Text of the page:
At every step along the way, Lanthimos and McNamara show the changes to Bella’s psyche in grand detail, and while Poor Things has a lot of slow passages for a comedy this heightened and dependent on witty repartee and intricately designed set pieces, the measured and episodic approach allows the cast a great deal of freedom to create meticulously designed performances. Lanthimos’ visual style might be a bit more fantastical, but his staging – complete with cinematographer Robbie Ryan’s rampant and sometimes distracting overuse of wide-angle fish-eye lenses – hasn’t progressed much across his features. But as long as Lanthimos allows his cast and material to shine brightly amid all the frills, decoration, and puffy sleeves, Poor Things remains on rich, fertile comedic ground.

Dafoe, Carmichael, Youssef, and Abbott all get a chance to showcase their skills at crafting layered, eccentric characters, but the bulk of Poor Things’ plaudits belong to Stone and Ruffalo, who give their all in service of a script that demands a lot from them. Ruffalo, working well against type (and playing kind of a comedic riff on the sort of character he portrayed in Jane Campion’s underrated and misunderstood thriller In the Cut), devours the scenery, playing even more of an irrepressible cartoon than his baby minded counterpart. As a picture of false refinement and unchecked male ego, Ruffalo always takes every line of dialogue and over-cranked facial expression to frequently hilarious and scene stealing extremes. Few performers have relished the chance to play this much of an obvious cad with as much gusto and misplaces joie de vivre as Ruffalo does here. It’s the kind of performance that’s given when the actor behind it fears they’ll never have a second chance to make this specific of an impression.

The same, and even more, can be said for Stone, who continues to evolve into one of the most versatile and interesting on screen performers of this generation. Stone’s turn as Bella is as enriching as it is daring. The character is sexually and mentally unhinged, and yet, Stone is able to make the sometimes uncouth, rude, and uncomfortable brusque young woman wholly sympathetic. While the viewer never knows what will become of Bella, it’s clear from Stone’s performance and Lanthimos’ direction of the character that a lot of thought has been given to her arc. On a performative level, Stone is able to make spectacular choices with regard to how she depicts key moments in Bella’s development. If the situation calls for a complete lack of comedic subtlety, Stone will shed every last inhibition to get a laugh or make the viewer squirm in their seats. If it requires something more introspective and thoughtful, Stone is just as capable of turning down the volume to a low hum and wrestle with the complicated, unusual emotions attached to a given situation. It’s the definition of a performance that both goes for broke and still leaves room for a great deal of interpretation; as intelligent as it is chaotic.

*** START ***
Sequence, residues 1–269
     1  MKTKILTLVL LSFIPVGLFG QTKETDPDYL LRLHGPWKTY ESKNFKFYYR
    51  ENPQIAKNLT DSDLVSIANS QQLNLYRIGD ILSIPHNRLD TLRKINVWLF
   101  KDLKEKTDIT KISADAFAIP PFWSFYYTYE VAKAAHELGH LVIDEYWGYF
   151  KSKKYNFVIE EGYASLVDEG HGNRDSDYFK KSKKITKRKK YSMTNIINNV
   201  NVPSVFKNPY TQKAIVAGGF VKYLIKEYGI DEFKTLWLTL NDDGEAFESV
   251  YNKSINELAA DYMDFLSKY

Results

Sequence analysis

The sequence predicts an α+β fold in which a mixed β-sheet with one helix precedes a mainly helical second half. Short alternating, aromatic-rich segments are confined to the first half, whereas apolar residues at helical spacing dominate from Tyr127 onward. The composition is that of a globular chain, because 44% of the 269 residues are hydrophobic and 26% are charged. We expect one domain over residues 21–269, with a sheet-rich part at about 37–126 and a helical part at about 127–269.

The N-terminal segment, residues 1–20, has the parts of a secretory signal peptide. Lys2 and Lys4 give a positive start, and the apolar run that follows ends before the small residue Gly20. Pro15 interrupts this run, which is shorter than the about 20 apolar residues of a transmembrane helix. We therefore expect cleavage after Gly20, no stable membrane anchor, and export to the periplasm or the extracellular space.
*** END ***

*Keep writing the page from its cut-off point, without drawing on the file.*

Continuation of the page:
Poor Things isn’t meant to be a comedy that can be seen as breezy or easy to sit through. It’s visually meant to evoke the spirit of romanticism, but it’s anything but romantic. It’s deliberately provocative, off putting, and a lot to take in at once, but also never takes the appearance of a lecture or treatise on any of its subjects. It’s packed with wall-to-wall debauchery, but it becomes clearer the longer Poor Things goes on that all of it masks a tremendous amount of suffering and brokenness. It’s a story that frequently laughs to keep from crying, and while the jokes and set pieces hit far more than they miss, it’s the meaning behind all of them that will linger in the mind a lot longer after Poor Things ends.

Poor Things is now playing in Toronto, Montreal, and Vancouver. It expands to additional theatres and cities on Friday, December 22.